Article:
The performances are good. William Shatner as Kirk is under the effects of the zenite gas is campy and over-acted, but it’s okay here because he’s supposed to be becoming more violent. Leonard Nimoy is the thoughtful one here and the contrast works in many ways. The rest of the crew of the Enterprise is under-used in this episode, but there was only so much time to tell the story. Jeff Corey plays the part of Plasus well, trying to ameliorate the Captain and keep the situation from blowing up with Starfleet, but also very angry that their society is being interfered with and questioned. In his mind, everything is as it should be and he resents challenges to that. Diane Ewing is very pretty in that skimpy costume, but other than that she falls pretty flat. I don’t know whether to blame the director or the actress for that. However, Charlene Polite as Vanna gives a much better performance in that role, as both what amounts to a leader of the resistance on Ardana as well as a worker fed up with her role in the society. What she is able to accomplish should be all the proof that the Troglytes are on much more equal footing with the residents of Stratos than they would like to believe.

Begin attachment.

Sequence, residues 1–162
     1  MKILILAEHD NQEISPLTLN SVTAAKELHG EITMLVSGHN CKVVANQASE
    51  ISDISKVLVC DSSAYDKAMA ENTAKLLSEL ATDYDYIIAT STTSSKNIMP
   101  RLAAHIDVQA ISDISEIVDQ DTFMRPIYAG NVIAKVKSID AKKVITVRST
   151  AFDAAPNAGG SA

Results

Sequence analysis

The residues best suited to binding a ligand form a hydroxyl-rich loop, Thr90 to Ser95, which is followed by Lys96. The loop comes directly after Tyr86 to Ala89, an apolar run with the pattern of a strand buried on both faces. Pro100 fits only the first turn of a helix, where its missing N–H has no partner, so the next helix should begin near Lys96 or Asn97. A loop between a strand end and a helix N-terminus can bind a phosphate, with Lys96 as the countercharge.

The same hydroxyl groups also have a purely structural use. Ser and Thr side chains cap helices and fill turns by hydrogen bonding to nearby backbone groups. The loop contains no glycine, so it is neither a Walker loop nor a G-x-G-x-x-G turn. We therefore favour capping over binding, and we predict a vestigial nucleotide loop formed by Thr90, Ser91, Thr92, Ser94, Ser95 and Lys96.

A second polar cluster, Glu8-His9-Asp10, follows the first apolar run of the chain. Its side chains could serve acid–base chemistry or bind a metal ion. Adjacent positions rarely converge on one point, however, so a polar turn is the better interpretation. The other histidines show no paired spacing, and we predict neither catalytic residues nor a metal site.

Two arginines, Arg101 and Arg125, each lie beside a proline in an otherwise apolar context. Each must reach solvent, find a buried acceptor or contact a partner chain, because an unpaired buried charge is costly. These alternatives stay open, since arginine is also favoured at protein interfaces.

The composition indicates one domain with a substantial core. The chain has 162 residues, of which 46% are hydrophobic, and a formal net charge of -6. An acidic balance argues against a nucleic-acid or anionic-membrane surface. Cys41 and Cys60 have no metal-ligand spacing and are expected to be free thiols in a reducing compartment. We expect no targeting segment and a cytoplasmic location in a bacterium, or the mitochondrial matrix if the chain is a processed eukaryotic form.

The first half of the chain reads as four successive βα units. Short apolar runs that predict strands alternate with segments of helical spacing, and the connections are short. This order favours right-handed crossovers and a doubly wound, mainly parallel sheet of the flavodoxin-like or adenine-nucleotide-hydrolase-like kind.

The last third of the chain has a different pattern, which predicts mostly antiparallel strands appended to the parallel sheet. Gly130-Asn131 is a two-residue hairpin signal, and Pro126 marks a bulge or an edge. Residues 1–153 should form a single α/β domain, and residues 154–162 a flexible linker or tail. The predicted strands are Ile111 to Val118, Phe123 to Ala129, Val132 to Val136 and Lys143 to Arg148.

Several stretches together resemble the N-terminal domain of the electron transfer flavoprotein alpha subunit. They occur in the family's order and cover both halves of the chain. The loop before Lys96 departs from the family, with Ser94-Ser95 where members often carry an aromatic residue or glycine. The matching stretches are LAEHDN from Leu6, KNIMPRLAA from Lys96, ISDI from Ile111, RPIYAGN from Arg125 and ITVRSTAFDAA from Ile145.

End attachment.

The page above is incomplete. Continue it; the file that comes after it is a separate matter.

While not one of the best episodes of the series, The Cloud Minders is a good one. It holds up to the test of time better than most as the questions it raises about worker rights and the problems inherent in our society’s structure are even more present now than they were when this was filmed. For the final season, this is a highlight among many pretty poor episodes. Although predictable, the story is compelling and pretty well-executed.

Previous episode in the series (link): Star Trek: The Original Series – The Way to Eden

Next episode in the series (link): Star Trek: The Original Series – The Savage Curtain